(CNN)The coronavirus outbreak has been putting immense pressure on medical staff around the United States. To meet the demand for health care providers, medical schools across the country are considering early graduation for their senior medical students.
Medical schools considering early graduation for students
New York University started offering this option on Tuesday, becoming the first medical school to do so. And now other medical schools are considering doing the same.
"While the AAMC has not yet surveyed its member medical schools, the [Liaison Committee on Medical Education] has been working with several other schools that are considering or offering their students the option of graduating early," said Dr. Alison Whelan, chief medical education officer for the Association of American Medical Colleges.
In Massachusetts, all four medical schools are in discussions with Massachusetts Health and Human Services to have a fast-track option. Tufts University School of Medicine, University of Massachusetts Medical School, Boston University School of Medicine and Harvard Medical School are all contemplating the idea, said Massachusetts HHS Secretary Marylou Sudders on Thursday.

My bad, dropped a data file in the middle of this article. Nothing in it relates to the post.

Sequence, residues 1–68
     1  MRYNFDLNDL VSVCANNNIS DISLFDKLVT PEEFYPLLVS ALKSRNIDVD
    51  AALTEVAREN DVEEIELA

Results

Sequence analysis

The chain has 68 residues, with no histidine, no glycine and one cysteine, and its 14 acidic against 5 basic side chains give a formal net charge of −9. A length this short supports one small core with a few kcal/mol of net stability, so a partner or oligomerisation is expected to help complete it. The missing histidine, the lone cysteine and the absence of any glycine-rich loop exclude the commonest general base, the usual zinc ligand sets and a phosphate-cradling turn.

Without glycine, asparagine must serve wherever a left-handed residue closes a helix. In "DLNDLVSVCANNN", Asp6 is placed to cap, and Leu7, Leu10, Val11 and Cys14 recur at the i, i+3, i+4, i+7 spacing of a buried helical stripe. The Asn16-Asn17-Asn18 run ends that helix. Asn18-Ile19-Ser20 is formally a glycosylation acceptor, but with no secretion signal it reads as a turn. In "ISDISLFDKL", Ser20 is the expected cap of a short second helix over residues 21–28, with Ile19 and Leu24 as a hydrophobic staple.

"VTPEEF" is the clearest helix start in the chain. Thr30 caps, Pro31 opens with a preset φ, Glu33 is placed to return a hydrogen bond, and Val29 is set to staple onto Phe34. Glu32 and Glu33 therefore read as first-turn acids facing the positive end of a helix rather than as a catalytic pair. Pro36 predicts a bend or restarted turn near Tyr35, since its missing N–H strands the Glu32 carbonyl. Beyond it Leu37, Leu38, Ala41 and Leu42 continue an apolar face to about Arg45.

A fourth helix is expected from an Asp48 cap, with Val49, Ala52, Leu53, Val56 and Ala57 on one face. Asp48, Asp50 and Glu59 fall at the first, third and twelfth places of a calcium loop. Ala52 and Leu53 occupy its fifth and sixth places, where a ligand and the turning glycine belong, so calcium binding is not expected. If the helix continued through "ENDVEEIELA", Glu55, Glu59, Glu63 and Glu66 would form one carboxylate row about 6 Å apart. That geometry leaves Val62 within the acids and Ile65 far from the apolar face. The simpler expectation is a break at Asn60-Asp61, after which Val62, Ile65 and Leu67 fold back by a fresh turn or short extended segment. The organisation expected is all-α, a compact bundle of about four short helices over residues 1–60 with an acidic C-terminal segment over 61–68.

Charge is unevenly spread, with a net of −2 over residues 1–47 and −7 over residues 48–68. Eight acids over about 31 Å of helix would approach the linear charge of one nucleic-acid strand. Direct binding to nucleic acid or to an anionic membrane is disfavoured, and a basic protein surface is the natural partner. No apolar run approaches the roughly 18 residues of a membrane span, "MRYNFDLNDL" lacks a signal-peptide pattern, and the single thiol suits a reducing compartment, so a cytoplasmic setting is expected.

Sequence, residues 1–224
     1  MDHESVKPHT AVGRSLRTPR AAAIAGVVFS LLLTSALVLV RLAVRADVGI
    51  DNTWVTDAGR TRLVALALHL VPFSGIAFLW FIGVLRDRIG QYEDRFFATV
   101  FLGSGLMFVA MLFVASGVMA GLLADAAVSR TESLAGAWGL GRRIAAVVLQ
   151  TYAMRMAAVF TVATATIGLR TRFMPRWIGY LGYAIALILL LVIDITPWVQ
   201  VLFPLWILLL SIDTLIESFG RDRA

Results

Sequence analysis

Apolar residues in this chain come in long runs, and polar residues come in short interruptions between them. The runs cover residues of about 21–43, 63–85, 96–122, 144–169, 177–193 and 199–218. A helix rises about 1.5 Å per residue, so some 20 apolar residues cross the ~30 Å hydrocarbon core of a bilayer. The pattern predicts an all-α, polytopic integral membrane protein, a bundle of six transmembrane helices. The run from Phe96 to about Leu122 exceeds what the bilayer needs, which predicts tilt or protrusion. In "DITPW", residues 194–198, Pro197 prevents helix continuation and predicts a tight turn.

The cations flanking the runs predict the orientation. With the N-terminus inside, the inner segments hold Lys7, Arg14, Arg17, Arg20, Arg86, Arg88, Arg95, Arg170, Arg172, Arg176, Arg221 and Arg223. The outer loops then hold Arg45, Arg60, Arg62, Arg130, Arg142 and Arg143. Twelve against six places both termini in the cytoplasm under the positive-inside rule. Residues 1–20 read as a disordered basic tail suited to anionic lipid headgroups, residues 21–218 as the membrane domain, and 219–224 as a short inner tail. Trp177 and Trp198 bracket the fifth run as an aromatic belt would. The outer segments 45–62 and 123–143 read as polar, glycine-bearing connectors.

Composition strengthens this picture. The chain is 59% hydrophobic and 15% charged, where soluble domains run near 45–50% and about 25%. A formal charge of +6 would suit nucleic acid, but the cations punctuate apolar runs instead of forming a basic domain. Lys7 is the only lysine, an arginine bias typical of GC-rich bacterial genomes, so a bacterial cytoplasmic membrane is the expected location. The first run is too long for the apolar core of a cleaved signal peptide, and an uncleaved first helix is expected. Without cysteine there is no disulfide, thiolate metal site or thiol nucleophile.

Dr. Whelan confirmed that they have been working with the deans of the medical schools in Massachusetts to graduate students early.
Whelan told CNN that they are aware that nearly every school in the US is thinking about early graduation to battle the coronavirus pandemic.
In New Jersey, Cooper Medical School of Rowan University also sent an email to its senior medical students to see if they were interested in early graduation.
And it's not just young doctors who want to pitch in and help. In Illinois, retired healthcare workers are stepping up to the plate. Illinois governor J. B. Pritzker tweeted that 450 retired and former healthcare workers have signed up to work during the pandemic. Those that rejoin the workforce will help staff hospitals and health care centers throughout the state, the tweet said.
The governor had issued a call last week for former healthcare workers to rejoin the work force during this crisis.
Around the US, physicians who are not infectious disease specialists or pulmonologists are training and joining the frontlines.
"We are hearing that there are individuals from other specialties being drawn into clinical care," said Dr. Janis Orlowski, chief health care officer for the AAMC on Friday.
Orlowski added that they are being trained very quickly to get them up to speed in the use of personal protective equipment and ventilators. These additional trainings will ensure that physicians are safe to work in areas that might not be their specialty.
"Safety and quality remains a high priority -- the number one priority -- even though people are having to work fast and work smart," Orlowski added.
The US has now reported more coronavirus cases than any other country in the world, according to CNN's tally. It has surpassed China and Italy.